Global events have presented an ever shifting set of obstacles for the construction industry. Early on in the COVID-19 pandemic, actual and expected shutdowns created severe uncertainties in the industry. Later, governmental requirements on both public and private projects posed challenges. Beyond the direct impacts of illness from COVID-19, lagging disruptions in the availability of materials and equipment have severely impacted the industry. A string of other adverse events have also contributed to increased prices or reduced availability of materials, including the global micro-chip shortage, import/export tariffs, Texas power grid disruptions, and now the war in Ukraine. Lumber prices may have peaked and are now subsiding, but the war in Ukraine and other events have caused spikes in other commodities, including oil and gas prices. These industry disruptions have plagued progress and pose substantial risks of delays and cost overruns. In response, construction companies need to ensure that they contract to anticipate certain risks.
Material Price Increases
The timing of bidding, ordering, contracting, and delivery of materials are all critical considerations in the evaluation of material price increases on a construction project. Without express contract language excusing performance or permitting a cost increased, Wisconsin law generally does not entitle a party to additional cost or time due to material price increases, even when prices change.
A variety of price escalation clauses can be utilized to transfer risk between parties, which generally include the following forms:
Price escalation clauses are often negotiated to be a combination the three types. For example, a contractor may be entitled to a price increase beyond a certain threshold, provided the project is subject to delay beyond a set milestone date when prices may be readjusted. In addition, the amount of increase to the contract price may be adjusted for the actual costs incurred or to mirror the pro-rata changes in industry material price indexes such as the producer price index.
Early on in the pandemic, as construction project delays, cancelations, and shut-downs, resulting from COVID-19 first were becoming known, parties turned to the general language of force majeure or “act of God” contract clauses, often invoking “governmental orders” or the catch-all “unavoidable casualties or other causes beyond the Contractor’s control” as the basis for excuse from performance As the pandemic has continued, the global effects have become more publicized and understood, and governmental shutdowns have largely ceased. In turn, parties have become increasingly limited in their willingness to excuse delays or pay increased costs due from COVID-19. The result is increased potential for claims and conflict.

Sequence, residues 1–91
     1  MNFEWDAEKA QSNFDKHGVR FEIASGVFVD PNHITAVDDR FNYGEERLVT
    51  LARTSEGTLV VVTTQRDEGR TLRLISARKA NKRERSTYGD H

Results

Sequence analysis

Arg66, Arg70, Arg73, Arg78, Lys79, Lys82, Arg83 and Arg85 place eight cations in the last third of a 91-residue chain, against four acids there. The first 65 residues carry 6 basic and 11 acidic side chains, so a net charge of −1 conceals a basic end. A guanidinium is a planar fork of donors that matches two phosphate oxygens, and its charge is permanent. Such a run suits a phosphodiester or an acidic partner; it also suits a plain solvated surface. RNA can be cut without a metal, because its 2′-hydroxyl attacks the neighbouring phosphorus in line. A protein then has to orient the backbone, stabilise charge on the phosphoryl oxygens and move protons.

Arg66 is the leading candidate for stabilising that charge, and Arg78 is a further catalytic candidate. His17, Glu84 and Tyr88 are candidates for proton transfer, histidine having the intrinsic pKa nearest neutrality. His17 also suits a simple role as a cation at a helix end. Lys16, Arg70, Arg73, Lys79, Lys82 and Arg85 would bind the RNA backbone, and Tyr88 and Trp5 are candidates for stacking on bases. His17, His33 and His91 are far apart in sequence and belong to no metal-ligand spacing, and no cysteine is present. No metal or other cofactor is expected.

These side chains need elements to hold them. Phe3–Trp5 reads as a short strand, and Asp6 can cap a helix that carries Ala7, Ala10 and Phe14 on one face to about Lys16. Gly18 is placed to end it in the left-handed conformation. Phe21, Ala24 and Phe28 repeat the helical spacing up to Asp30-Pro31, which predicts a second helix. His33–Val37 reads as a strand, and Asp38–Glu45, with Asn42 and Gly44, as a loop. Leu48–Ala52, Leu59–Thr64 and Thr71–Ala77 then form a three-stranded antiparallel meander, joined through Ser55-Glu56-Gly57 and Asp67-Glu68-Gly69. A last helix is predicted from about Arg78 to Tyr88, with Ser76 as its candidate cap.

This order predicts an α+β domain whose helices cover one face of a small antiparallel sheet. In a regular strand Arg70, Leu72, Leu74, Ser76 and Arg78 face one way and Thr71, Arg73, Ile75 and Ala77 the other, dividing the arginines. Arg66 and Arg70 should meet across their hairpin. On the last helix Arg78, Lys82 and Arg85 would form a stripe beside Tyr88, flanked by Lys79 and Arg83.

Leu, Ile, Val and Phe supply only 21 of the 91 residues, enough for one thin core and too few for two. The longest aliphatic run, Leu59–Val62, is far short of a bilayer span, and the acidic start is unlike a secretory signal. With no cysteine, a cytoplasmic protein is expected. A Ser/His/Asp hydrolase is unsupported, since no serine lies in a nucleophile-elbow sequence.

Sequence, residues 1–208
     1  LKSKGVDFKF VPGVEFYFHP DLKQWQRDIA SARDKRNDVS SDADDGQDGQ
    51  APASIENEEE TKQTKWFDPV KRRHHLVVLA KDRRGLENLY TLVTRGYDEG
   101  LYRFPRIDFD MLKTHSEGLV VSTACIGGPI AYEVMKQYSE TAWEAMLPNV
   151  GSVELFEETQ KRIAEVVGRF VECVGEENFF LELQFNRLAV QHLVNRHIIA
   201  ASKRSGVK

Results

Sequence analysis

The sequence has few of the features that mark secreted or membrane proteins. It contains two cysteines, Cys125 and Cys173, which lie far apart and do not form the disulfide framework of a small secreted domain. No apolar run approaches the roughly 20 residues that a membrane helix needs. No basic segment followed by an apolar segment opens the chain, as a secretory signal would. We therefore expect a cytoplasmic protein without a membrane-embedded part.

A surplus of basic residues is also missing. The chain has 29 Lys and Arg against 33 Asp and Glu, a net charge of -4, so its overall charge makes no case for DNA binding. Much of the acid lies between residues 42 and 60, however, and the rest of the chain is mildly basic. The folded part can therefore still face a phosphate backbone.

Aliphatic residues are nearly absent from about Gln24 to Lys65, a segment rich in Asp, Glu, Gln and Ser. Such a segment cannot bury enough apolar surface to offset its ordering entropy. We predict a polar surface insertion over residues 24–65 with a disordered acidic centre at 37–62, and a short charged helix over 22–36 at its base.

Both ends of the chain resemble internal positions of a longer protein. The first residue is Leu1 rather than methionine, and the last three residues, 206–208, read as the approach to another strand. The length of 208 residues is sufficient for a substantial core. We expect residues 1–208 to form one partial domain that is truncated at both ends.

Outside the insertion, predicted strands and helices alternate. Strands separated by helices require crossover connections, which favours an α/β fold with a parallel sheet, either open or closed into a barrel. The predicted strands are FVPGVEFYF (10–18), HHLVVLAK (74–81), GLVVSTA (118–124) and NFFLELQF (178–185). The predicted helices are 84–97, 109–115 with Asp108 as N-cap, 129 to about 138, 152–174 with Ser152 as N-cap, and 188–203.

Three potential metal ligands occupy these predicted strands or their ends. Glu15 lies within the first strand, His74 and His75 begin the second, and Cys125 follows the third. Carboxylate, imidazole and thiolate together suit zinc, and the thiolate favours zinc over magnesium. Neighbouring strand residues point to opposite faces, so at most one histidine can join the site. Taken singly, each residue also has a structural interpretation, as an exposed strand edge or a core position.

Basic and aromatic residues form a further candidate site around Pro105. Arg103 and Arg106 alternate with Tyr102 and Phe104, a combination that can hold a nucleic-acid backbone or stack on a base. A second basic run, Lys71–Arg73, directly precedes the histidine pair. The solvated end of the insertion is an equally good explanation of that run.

Construction companies should proceed cautiously because generic force majeure clause on their own, may not excuse performance related to pandemic or supply chain disruptions, particularly as they may be known at the time of contracting. Generally, for force majeure to apply the non-performance must be “caused by circumstances beyond the reasonable control of the [invoking party] or by an event which is unforeseeable at the time the parties entered into the contract.” Goldstein v. Lindner, 2002 WI App 122, ¶31, 254 Wis. 2d 673, 687, 648 N.W. 2d 892.
Considering information currently available about the means of symptoms, transmission, testing, treatments, and vaccinations, in addition to the material unavailability and price increase issues discussed above, it may be increasingly challenging to demonstrate that delays due to an infected work force are unforeseeable or constitute force majeure.
As a result, a party seeking to excuse performance may need to show specifically how the circumstances of the delay were unforeseeable.
As the last few years have demonstrated, numerous potential and novel obstacles could affect the success of a construction project. Contractors should work with their counsel to craft contract clauses tailored to each specific project and designed to anticipate risks that may arise during the course of construction.
By: Attorneys Brian R. Zimmerman and Bryan T. Kroes